More In This Article
With budgets getting tighter and health care needs growing, it makes sense to funnel shrinking resources to the most effective care. But, as Sharon Begley explains in "The Best Medicine" in the July 2011 issue of Scientific American, finding the best bang for our medical buck would be easier if we used the increasingly important analytical tool of comparative-effectiveness research.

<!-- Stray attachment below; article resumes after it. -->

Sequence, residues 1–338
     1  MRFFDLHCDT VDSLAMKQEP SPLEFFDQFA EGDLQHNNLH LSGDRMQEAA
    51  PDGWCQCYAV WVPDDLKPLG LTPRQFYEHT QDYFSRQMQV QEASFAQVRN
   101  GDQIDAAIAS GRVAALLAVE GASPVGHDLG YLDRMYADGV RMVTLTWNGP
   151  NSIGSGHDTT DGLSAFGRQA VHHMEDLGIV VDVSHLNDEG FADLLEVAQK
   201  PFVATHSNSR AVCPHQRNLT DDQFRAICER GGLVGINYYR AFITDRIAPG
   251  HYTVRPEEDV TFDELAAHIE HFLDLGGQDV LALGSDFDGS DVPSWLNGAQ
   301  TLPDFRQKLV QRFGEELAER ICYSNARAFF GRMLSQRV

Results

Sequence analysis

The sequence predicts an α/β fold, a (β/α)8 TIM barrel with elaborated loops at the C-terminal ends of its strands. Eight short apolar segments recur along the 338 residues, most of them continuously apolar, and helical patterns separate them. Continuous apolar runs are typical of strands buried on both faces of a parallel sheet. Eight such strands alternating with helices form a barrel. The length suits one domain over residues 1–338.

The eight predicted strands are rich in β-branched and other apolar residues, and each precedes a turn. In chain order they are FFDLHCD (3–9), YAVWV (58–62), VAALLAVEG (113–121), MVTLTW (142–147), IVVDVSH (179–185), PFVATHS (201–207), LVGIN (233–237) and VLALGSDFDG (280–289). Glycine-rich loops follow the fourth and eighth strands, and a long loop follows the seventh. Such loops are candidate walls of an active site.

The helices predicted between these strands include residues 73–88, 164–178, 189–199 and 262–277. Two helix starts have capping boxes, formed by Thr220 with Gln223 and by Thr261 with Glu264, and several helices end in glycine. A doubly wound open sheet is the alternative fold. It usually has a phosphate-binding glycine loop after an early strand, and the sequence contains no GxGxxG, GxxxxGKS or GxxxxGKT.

More efficient health care means dispelling some common myths about what "good" care is. Here is a brief explanation of why some of the most prevalent assumptions about medical care in the U.S. and beyond are wrong: